The relationship between hormones and sex life

Female sex hormones, like estrogen and progesterone, play vital roles in sexual development, reproduction and overall health. These chemical messengers are produced in the ovaries, adrenal glands and fat cells, and increase during puberty and pregnancy.

Long-term hormonal imbalances can cause low libido. They can also be a sign of an underlying health condition or side effect from medications.

1. Estrogen

Estrogen is responsible for the development of female reproductive anatomy, including the vagina and uterus. It promotes feminine traits such as padded hips and breasts, shapes the body during puberty to look differently than a man’s, and prepares the female body — from menstruation through childbirth and beyond — to produce and nurture a baby.

Estrogens also control the lining of the uterus (endometrium). They increase its thickness and blood flow, cell types, protein content and enzyme activity; they can even change a cell’s shape.

The body makes estrogen in the ovaries, fat tissues and other organs; it is also found in men, trans-women and post-menopausal women. It binds reversibly to a protein in the blood, called sex hormone-binding globulin. Once bound, it travels to target tissues and binds to estrogen receptors on cells to affect the way genes are transcribed, or translated into proteins. During pregnancy, estrogens signal the uterus to slough off dead tissue and prepare for the birth of the baby.

2. Testosterone

Testosterone is a hormone that people assigned male at birth (AMAB) produce in their testicles and in the adrenal glands. It is an androgen, which means that it promotes the development of masculine characteristics, such as the growth of body hair. In women, the ovaries produce estrogen and small amounts of testosterone. But while researchers have long linked women’s hormones to sexual desire, levels of both estrogen and testosterone vary widely from woman to woman.

Testosterone acts as a circulating prohormone for dihydrotestosterone, which then converts to the more active androgen androstenedione in tissues that are sensitive to androgens such as the testes, prostate gland, hair follicles and muscles. In addition to promoting masculine traits, it initiates the development of the internal and external genitalia in boys during puberty, increases blood cell formation and muscle strength, and maintains sperm production and bone density in men. It also enhances libido in both men and women. It’s thought that fluctuations in testosterone in response to arousal are what prompts sexual behavior.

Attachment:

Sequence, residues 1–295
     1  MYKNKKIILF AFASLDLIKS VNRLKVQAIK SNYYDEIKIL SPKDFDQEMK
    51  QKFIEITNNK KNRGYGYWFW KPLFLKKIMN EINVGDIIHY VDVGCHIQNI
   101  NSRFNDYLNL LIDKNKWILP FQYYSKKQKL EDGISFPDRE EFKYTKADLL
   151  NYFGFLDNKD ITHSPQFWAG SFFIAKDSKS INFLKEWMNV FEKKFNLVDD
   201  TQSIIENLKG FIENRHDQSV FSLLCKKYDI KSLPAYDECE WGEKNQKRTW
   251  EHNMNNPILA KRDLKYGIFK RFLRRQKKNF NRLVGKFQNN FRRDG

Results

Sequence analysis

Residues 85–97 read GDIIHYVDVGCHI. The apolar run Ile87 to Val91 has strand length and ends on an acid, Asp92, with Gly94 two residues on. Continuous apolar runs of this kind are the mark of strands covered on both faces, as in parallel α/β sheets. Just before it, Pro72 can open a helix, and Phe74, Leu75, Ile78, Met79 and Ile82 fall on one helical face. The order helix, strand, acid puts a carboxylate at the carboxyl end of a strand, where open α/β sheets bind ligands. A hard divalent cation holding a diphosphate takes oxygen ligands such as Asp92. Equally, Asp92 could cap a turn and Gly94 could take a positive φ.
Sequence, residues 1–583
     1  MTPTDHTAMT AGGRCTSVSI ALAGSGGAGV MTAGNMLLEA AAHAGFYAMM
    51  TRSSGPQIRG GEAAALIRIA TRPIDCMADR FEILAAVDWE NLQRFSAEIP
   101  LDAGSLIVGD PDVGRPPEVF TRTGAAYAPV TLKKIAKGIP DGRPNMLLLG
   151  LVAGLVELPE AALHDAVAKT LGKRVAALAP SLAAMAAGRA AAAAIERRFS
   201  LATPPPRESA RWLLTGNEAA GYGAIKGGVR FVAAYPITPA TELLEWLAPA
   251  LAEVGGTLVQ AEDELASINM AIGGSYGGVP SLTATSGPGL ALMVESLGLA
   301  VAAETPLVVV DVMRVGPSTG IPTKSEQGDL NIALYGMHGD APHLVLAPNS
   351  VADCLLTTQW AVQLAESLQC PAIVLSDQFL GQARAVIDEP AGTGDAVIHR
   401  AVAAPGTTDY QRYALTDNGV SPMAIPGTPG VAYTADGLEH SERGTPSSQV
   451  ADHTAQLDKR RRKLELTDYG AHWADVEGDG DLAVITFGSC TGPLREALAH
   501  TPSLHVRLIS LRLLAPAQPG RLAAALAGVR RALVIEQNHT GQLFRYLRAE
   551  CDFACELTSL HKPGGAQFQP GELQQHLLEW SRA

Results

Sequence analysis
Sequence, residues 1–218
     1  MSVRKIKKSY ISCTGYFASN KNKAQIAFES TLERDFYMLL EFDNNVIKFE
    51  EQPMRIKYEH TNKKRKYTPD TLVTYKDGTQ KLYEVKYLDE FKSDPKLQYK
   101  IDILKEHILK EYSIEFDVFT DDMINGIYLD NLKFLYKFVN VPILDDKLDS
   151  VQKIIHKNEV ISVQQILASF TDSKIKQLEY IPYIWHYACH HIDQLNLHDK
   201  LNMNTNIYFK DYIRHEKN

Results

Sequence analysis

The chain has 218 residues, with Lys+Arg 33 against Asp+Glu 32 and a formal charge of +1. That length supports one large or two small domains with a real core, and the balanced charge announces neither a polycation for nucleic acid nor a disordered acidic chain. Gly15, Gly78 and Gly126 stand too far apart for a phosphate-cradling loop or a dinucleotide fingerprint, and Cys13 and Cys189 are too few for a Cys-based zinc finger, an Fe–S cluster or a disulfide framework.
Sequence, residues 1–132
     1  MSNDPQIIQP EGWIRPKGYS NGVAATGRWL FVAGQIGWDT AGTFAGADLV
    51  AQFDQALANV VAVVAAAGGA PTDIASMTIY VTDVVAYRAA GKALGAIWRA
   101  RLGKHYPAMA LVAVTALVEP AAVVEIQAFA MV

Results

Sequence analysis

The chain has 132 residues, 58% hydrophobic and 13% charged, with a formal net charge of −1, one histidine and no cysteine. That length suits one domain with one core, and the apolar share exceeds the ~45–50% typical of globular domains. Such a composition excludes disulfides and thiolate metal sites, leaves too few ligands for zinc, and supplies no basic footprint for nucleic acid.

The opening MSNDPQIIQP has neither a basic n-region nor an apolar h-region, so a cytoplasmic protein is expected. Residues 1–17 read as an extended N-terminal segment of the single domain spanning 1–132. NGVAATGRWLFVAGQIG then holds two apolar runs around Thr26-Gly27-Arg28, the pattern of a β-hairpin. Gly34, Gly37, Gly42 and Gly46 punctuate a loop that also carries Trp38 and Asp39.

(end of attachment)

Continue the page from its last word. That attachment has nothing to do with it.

3. Vasopressin

A peptide hormone called vasopressin (a.k.a. antidiuretic hormone or ADH) prevents excessive urine production by increasing the reabsorption of water in the kidney. It also causes blood vessels to constrict, thereby increasing blood pressure. Thus it acts as a critical homeostatic regulator of normal serum osmolarity and hypovolemia (low blood volume).

The neuropeptide oxytocin and vasopressin are both found in the brain. They are associated with a variety of functions including social behavior, aggression and the regulation of blood pressure. Oxytocin is involved in pair bonding, while vasopressin has been associated with social recognition memory. Both oxytocin and vasopressin can induce sexual arousal.

Although direct measurements of fetal hormones are impossible due to ethical concerns, there is evidence that fetal oxytocin and vasopressin levels correlate with later-life sex drive. Women with high oxytocin and low vasopressin levels appear to have lower sex drives than those with the opposite pattern. A similar correlation is seen with progesterone.

4. Oxytocin

Oxytocin is so well-known for its role in human bonding, including mother-infant attachment and romantic love, that it’s also known as the “cuddle hormone.” It’s produced when you cuddle with a loved one or receive affection from them, and is released during sexual activity.

But oxytocin has many other roles too. For example, it can reduce agitation and depression. It’s also a major player in breastfeeding, and helps you stay calm during labor and childbirth. It’s even responsible for the nocturnal peak in uterine activity during pregnancy.

Studies suggest that oxytocin can increase the motivation to engage in sexual behaviour for females during the periovulatory phase of the menstrual cycle, when estrogens are high and progesterone is low. In addition, oxytocin is thought to play an important role in female sexual arousal and orgasm. In fact, it’s the oxytocin release that causes the sensation of closeness during climax. But more research is needed to understand how oxytocin affects female sexual motivation.